I was going to sit down and write about the Chiefs’ loss. How it makes me feel. How it ripped my heart out and shat all over it, unceremoniously. How it’s not surprising, but it’s no less disheartening. How we can prepare ourselves for the worse, and still, sometimes, that worse just kicks you in the fucking teeth and then pisses in the empty gum-sockets where you used to have some chompers.
Because that’s what this felt like.
But I breathed. It was hard, but I did.
And I watched a couple of episodes—okay, four—of Breaking Bad, because I’m one of the world’s 18 assholes who didn’t watch it as it happened. I’m catching up now, thanks to Netflix, mostly, but also the recent marathon on AMC that shared the last 8 episodes.
I didn’t want to start season five for the LONGEST time, because Netflix only had half of it, and the last eight episodes were out there, floating around. I didn’t want to see the first eight episodes of season five but be stuck without the last eight. That seemed torturous.
So I waited. And waited. And when Netflix never unveiled the final eight episodes, I caught a break in the form of an AMC marathon. So here I am. Almost entirely finished. Two episodes left.
I watched four after the Chiefs gut-punch—episodes 11, 12, 13 and 14.
It didn’t make me feel better—I’m mourning the loss of one of the best television series ever AND the predictable playoff exit of my football team—but it put things in focus. Things like, “This Chiefs’ season is Breaking Bad.”
Please allow me to indulge this insanity for a moment.
With the exception of Jamaal Charles, Smith is the only person on this team worth rooting for. He’s the only one with a heart. He’s not flashy, he’s not going to be the MVP, but he’s the only one who makes decisions that you agree with, almost without fault. He now holds the Chiefs record for touchdowns in a playoff game. And he did it without throwing an interception. He did it while throwing for almost 400 yards. He was nearly infallible. He wasn’t without a mistake—he was strip-sacked during the Colts comeback—but Jesus Christ, what more could you have asked?
Jesse? Jesse was the soul of everything. He started off with limited expectations and quickly ingratiated himself as the indisputable heart of the operation. Yeah, he wanted money and attention (the right kind, mostly), but he did it without sacrificing his principles. He was a team player, first and foremost—absent of glory and greed—and he only betrayed his loyalty when he realized it was for the greater good.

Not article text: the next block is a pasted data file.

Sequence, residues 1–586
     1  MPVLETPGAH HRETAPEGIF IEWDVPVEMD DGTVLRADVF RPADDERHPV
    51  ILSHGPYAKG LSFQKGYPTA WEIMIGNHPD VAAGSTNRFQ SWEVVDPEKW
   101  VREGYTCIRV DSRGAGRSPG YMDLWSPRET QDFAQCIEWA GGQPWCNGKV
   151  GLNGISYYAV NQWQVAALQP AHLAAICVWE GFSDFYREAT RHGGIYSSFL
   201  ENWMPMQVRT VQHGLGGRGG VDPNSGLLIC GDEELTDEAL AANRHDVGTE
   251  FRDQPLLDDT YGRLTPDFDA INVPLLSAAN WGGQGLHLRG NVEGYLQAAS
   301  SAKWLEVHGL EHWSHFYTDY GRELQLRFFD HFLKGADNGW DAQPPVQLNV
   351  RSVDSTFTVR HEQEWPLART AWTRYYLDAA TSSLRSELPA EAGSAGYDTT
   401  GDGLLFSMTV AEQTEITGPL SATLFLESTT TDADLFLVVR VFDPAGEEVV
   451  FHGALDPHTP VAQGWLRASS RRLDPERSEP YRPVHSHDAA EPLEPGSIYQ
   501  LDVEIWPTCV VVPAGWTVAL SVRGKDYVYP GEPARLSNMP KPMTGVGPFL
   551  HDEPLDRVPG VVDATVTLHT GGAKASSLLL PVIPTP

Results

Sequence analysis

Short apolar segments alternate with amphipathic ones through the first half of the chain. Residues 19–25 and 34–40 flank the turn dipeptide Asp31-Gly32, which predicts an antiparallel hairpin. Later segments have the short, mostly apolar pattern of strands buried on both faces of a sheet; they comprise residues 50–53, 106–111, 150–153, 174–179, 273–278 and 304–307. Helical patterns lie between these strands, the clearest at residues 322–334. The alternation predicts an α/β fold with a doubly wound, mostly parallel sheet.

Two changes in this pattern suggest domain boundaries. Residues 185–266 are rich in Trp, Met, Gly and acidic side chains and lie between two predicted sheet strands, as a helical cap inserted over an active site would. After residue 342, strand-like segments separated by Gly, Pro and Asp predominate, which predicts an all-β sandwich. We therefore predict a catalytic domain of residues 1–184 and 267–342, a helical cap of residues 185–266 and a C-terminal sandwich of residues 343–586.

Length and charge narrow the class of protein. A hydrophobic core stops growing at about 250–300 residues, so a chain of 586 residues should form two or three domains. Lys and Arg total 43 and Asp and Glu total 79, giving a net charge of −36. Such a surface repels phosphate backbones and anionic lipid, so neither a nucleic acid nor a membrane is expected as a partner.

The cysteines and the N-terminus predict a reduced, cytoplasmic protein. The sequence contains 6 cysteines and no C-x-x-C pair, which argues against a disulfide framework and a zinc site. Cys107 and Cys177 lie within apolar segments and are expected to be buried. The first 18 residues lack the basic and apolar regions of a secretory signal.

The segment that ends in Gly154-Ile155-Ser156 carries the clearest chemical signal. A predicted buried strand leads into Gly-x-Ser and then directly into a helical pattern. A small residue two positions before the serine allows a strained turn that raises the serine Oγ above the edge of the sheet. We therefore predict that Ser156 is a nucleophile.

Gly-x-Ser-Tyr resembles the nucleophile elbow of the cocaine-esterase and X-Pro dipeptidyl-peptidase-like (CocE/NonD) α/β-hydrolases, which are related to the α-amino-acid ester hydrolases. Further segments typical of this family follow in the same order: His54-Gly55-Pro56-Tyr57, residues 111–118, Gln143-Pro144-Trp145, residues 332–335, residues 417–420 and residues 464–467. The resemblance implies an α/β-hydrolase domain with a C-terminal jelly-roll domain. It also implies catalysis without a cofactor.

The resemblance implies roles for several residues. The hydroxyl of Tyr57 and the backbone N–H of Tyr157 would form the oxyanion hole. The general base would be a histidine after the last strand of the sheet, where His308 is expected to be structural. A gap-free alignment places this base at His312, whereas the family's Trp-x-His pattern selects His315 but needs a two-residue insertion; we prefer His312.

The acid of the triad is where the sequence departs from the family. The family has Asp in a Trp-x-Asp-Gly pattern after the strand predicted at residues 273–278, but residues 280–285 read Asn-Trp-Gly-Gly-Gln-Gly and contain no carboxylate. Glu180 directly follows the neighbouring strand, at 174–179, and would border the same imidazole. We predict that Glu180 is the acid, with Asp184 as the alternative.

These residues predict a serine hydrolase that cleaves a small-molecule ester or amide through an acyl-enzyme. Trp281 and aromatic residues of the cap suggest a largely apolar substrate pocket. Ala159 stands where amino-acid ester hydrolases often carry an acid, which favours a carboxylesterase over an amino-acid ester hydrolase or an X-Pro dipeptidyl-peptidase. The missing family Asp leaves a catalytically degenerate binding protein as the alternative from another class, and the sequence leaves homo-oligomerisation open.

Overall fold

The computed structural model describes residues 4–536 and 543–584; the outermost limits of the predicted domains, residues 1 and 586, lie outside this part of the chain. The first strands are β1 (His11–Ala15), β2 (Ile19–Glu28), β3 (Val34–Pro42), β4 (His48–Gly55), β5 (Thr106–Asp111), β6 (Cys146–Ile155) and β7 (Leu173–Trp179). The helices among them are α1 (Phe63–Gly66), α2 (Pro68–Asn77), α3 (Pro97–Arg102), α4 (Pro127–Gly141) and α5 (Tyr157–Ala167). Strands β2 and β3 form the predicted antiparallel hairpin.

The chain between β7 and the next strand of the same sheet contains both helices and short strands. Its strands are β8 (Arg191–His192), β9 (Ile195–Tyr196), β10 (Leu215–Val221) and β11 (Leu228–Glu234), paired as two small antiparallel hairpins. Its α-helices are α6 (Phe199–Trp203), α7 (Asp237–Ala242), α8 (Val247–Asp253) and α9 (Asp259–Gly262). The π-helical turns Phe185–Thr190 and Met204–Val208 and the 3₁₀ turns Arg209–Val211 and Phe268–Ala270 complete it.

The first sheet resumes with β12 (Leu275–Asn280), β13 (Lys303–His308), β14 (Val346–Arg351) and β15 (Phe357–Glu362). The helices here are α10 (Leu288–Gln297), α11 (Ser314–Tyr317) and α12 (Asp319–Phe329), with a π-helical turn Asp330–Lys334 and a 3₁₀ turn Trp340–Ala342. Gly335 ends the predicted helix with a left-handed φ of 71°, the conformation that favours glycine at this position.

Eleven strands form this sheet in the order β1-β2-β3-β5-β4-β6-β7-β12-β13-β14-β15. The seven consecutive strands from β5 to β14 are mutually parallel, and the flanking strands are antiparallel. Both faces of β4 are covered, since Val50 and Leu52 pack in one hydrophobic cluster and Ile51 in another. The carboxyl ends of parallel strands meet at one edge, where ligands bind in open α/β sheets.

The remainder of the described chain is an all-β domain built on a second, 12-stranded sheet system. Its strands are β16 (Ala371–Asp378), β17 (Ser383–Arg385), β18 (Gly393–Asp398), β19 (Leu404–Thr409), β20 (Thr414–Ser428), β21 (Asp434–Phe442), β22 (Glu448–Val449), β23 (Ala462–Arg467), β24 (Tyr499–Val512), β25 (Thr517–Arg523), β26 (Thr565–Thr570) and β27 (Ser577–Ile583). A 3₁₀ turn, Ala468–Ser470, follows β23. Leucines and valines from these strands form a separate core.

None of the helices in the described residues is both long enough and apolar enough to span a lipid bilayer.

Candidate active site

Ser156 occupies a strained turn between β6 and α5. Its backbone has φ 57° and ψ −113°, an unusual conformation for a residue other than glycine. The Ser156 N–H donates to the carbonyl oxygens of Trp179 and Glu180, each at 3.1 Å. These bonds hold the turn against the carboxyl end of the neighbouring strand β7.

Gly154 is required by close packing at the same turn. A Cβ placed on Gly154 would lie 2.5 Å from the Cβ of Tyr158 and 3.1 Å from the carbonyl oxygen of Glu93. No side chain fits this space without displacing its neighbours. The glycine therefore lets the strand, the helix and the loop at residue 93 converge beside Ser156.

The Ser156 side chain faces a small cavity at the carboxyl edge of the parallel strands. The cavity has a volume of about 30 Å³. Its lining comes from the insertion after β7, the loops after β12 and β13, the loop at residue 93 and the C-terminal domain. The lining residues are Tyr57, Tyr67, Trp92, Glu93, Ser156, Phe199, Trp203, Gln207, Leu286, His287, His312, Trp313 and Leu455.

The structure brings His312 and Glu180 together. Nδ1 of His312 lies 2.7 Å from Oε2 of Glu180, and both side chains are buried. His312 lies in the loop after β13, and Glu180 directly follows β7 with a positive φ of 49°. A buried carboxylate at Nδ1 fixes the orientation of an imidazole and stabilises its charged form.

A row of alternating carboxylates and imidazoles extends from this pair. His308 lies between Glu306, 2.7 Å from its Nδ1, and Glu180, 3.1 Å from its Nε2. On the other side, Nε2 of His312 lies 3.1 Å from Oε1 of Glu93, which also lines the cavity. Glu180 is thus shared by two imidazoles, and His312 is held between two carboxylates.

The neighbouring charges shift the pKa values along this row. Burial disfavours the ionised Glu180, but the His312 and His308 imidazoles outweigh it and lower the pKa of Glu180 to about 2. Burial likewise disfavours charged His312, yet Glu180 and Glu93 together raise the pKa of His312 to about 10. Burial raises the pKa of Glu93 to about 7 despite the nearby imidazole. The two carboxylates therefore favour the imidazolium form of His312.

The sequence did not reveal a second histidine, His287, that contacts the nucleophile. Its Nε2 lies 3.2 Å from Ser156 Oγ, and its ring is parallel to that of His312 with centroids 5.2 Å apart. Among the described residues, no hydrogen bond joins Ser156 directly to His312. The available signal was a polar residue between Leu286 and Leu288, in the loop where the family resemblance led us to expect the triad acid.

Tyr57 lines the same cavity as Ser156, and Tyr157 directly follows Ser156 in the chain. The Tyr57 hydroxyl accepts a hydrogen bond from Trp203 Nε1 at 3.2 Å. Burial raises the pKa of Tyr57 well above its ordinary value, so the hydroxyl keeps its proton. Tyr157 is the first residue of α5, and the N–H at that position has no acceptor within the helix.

On the other hand, you’ve got Walt.
Walter White will forever remain one of Hollywood’s greatest villains. He started off as a normal, unassuming science teacher. A family man. And then, boom—the big C. Rather than let the diagnosis define him, he decided to do the only respectable thing in the world—become a world class meth cook in order to build up a shit-ton of money to care for the fam after his demise. It was almost admirable.
You know, like how the Chiefs defense started off with pedestrian expectations, went hog-fucking-wild-for a quarter of the season, became the best in the biz. Just as we were amazed by Walt’s business acumen, we marveled over the vaunted Chiefs defense.
And then the wheels fell off.
By the end, it was easy to hate both.
Walt was an insufferable asshole driven by little more than ego and greed, and the Chiefs defense was a porous, embarrassing replication of the squad who held opponents in check for much of the meaty part of the season. Even in the end—with Walt’s desire to protect his wife Skylar from legal maneuverings, and with Justin Houston’s reemergence opposite Tamba Hali on the defensive line—we realized it was too little, too late.
Deep down, there was nothing to like about either.
The same can be said for coach Andy Reid and attorney Saul Goodman.
They were both fixers, initially. Reid was brought in to clear the chili-dog farts of the Crennel Regime and Goodman was there to solve any and every goddamn problem one might imagine. But they were both riddled with faults.
The knock against Goodman was, and always HAS been simple: he’s a shyster, a snake-oil salesman, a greasy, disgusting excuse for a human but someone you’d be insane to NOT want on your side. Reid was more likeable, but the concerns were not dissimilar.
He’ll tell you what you want to hear, he’ll be your best friend, but eventually, his inability to handle things under pressure (clock management, specifically) will lead to his undoing; he’ll call a timeout immediately after the two minute warning, he’ll leave Andrew Luck’s Geico Caveman face to take the lead. Kinda like how Saul tried to be everything to everyone, working simultaneously with Walt and with Jesse when it was fast becoming obvious that the sides were splintering, and fast.
I could probably go on, but I won’t.
It isn’t worth it. The Chiefs season is over. It’s never coming back. All we can do is move on. Pitchers and catchers report in 38 days, thank God. I’ve got two episodes of Breaking Bad left, and then I can start it over.
Life goes on.
And so forth.